If you are focusing on the debt ceiling and the ramifications of it not getting approved before August 2nd, you are focusing on the wrong thing. More importantly is why it needs to be increased and why it has been increased so many times (74 times since 1962). We have to peel the onion one or more layers to solve the problem.
The Debt Ceiling
The debt ceiling is currently set at $14.3 trillion and the government hit this cap on May 16, but the Treasury made adjustments to have enough room to borrow through Aug. 2. Here is how this works: The government borrows money to make up the difference between what it spends and what it takes in. The amount of debt it can have is controlled and is called the debt ceiling, a cap set by Congress on the amount of debt the federal government can legally borrow.
This applies to U.S. bonds plus debt owed to federal government trust funds such as those for Social Security and Medicare. The money you have paid into these latter two funds is then transferred into a general fund and spent. So its not so much that these programs are underfunded, its that the government has taken (borrowed) the money to spend elsewhere.
The debt ceiling is not a new issue, and raising the debt ceiling has actually become a common practice by Congress. The debt ceiling has been raised 74 times since March 1962. That, under the strictest rules of statistics, constitutes a trend. That is what needs to be focused on, or What the Heck is Happening?
Congress and President Obama have not reached an agreement on the debt ceiling, so the political drama continues. What is unfortunate is that they are overly focused on the FUD Factor and political posturing. FUD stands for Fear, Uncertainty and Doubt. Its an old marketing technique to stimulate people into buying products and is similarly used by politicians to influence opinions. It is also a technique to create a distraction, which in this case is to distract the public from the real issue: Why the debt ceiling has been raised 74 times since March 1962.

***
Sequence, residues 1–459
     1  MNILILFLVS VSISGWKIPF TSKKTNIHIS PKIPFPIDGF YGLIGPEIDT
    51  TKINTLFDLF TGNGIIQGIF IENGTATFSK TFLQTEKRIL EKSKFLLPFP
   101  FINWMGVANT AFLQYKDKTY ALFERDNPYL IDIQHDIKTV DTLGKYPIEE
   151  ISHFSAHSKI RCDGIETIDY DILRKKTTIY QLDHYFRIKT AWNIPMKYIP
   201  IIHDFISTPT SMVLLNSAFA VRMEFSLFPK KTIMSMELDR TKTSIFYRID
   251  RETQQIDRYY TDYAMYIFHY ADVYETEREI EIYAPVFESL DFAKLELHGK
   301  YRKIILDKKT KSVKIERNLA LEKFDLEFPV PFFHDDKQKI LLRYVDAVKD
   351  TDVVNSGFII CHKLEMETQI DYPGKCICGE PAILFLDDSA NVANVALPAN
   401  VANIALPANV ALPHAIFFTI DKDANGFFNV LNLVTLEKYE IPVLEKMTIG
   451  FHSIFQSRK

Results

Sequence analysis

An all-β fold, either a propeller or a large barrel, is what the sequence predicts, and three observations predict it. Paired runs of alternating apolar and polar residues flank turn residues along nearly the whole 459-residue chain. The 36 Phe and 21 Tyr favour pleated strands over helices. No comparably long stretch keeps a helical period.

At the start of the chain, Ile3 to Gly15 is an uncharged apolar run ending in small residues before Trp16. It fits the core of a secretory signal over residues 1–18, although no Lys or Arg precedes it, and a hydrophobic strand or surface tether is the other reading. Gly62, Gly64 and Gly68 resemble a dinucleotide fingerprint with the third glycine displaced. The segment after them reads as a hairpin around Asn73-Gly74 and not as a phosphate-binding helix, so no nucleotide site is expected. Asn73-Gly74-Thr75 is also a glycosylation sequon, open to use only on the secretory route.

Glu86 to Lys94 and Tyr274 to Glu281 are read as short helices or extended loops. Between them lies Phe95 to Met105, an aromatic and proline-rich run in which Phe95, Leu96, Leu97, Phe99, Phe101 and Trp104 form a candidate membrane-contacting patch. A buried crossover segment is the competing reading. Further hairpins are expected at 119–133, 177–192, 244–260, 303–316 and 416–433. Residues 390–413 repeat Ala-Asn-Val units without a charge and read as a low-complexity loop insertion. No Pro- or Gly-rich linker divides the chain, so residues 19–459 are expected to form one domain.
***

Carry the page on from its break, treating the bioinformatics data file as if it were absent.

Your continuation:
The Real Game
Time spent on creating business incentives that create value, jobs and competitiveness in the long-term is where time would be better spent. Not only should we be focused on lowering the unemployment but also on getting more people into the workplace along with creating more value and productivity. Money spent on increasing skills, i.e. a tax incentive to do so, would increase the contribution value of the individual. Government should be proactively encouraging growth and removing barriers as much as possible. Have you really heard of or seen any significant efforts to do these, what or where is the plan?
These things would increase our competiveness and in doing so would increase our GDP, which would increase tax revenues. Increased tax would provide more money to invest into more revenue generating opportunities, lower our debt and stop all these crisis issues from occurring. Sounds like a win-win to me. There is something to be said about good fiscal management at the personal, business and government level.
Don Redinius, Author - The New Era of Financial Success, Process Management for Team Members and a contributing author to Six Sigma for Dummies.